Air. It’s generally considered a pretty good idea. A fundamental aspect of aerobic metabolism and an essential need for most organisms on earth, it’s safe to say that life without air for a human isn’t much of a life at all. But what happens when air starts making mischief? What happens when air shirks the restrictive confines of the alveoli and elects instead to explore the muscle and subcutaneous tissue, seeks to admire the heart and great vessels, opts to race unencumbered along fascial planes and aponeuroses - what do you have then?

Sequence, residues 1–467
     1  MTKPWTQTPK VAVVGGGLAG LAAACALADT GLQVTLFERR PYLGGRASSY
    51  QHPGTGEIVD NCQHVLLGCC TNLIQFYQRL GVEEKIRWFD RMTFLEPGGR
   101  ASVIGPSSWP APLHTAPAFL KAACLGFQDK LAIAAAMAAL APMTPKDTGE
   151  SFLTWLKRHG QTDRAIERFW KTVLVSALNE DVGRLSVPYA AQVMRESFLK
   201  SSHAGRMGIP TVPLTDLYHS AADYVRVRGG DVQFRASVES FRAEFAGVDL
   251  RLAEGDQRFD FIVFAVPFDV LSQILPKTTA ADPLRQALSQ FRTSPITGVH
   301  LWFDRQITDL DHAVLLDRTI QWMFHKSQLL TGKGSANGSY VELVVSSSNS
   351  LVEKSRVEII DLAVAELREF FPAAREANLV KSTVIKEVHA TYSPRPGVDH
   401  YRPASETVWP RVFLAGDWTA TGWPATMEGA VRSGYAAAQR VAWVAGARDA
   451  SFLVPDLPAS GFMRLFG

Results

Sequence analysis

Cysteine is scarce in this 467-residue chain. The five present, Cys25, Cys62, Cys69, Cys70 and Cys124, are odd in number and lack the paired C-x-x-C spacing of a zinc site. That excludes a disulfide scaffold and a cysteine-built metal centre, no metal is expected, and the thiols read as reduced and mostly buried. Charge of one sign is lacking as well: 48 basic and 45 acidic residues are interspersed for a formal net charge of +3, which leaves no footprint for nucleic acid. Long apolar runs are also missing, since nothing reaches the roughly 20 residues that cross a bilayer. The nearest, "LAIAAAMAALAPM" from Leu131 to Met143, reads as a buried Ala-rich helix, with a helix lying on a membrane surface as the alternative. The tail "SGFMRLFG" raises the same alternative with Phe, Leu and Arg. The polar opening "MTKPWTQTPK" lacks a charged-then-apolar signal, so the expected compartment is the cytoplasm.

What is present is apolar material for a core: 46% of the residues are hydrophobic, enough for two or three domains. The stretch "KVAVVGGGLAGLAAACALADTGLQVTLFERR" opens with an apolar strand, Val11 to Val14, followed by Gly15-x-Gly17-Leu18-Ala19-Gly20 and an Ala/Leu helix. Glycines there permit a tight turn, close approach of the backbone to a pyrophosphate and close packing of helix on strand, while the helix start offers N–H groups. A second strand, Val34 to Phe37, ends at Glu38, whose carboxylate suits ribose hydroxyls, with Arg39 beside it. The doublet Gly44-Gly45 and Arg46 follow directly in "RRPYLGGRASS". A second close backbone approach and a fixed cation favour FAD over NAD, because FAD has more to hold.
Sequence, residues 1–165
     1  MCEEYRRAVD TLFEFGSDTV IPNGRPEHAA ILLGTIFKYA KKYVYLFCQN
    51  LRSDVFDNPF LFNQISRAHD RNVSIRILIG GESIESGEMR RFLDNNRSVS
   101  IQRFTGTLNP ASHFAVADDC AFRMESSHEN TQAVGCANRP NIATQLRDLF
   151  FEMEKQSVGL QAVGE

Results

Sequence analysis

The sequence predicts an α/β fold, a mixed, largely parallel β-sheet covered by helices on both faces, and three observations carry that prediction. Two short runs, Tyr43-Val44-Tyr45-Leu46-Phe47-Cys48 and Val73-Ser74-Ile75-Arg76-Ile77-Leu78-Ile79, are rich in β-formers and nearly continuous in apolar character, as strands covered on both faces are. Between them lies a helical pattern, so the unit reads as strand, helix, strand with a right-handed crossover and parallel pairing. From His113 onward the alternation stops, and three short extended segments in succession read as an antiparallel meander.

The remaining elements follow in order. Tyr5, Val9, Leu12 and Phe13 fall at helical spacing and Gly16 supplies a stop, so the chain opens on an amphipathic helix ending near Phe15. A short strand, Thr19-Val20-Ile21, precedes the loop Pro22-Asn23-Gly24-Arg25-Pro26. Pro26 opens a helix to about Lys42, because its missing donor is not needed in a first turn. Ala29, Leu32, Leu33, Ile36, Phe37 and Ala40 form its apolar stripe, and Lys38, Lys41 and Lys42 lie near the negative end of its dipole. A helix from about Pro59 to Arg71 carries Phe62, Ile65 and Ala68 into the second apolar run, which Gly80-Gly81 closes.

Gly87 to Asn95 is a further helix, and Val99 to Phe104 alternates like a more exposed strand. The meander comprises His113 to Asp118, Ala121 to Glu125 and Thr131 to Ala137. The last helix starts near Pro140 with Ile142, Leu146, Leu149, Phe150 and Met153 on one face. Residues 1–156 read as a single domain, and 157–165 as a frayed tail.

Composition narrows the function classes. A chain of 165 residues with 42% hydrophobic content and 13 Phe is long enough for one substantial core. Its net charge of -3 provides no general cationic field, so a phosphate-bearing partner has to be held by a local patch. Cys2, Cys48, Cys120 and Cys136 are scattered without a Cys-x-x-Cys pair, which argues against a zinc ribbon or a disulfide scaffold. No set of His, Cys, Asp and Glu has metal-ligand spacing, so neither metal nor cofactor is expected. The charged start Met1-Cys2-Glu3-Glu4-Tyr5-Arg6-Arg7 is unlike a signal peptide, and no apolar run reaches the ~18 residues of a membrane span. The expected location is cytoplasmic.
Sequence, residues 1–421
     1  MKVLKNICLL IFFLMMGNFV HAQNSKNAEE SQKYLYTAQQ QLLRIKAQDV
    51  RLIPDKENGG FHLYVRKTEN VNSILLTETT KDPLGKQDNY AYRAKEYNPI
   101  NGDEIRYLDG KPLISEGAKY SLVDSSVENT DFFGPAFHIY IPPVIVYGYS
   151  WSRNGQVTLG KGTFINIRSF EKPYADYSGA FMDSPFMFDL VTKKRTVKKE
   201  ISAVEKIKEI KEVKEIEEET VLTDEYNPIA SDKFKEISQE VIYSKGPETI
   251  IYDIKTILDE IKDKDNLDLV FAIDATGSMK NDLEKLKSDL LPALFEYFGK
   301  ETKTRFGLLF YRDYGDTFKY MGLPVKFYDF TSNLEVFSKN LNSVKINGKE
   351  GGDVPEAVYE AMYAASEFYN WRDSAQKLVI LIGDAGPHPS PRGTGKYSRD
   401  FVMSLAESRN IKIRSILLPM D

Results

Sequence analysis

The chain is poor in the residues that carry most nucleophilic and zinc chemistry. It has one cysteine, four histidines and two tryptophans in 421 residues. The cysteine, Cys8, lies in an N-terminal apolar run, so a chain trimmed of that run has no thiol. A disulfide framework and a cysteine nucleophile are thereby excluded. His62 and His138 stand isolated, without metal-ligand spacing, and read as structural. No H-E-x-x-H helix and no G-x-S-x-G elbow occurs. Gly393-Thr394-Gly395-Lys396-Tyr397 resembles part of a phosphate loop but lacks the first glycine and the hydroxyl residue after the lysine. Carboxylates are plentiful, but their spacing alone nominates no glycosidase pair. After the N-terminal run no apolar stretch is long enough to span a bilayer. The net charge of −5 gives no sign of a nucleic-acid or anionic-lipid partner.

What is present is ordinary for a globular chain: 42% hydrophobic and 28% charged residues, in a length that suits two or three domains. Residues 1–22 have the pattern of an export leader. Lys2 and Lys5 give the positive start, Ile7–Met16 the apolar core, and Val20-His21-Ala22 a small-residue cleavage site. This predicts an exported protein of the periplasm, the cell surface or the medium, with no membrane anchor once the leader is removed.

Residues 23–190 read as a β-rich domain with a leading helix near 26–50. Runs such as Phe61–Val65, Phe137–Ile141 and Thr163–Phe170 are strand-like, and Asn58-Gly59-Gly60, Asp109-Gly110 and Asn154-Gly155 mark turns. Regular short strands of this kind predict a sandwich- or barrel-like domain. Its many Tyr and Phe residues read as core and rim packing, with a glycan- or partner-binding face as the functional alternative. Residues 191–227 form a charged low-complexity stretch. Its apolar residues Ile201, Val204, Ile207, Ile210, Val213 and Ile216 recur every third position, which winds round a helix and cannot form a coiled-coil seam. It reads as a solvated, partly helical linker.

Well, a pneumomediastinum for one. In his article, Dr. Skrobut does a breathtaking job of detailing the presentation of a young patient with spontaneous pneumomediastinum, delving into the diagnostic modalities of choice, its emergent management, and the longterm prognosis. His article also seeks to clear the air about more controversial topics, including the role of empiric antibiotics and the need for surgical intervention.Read More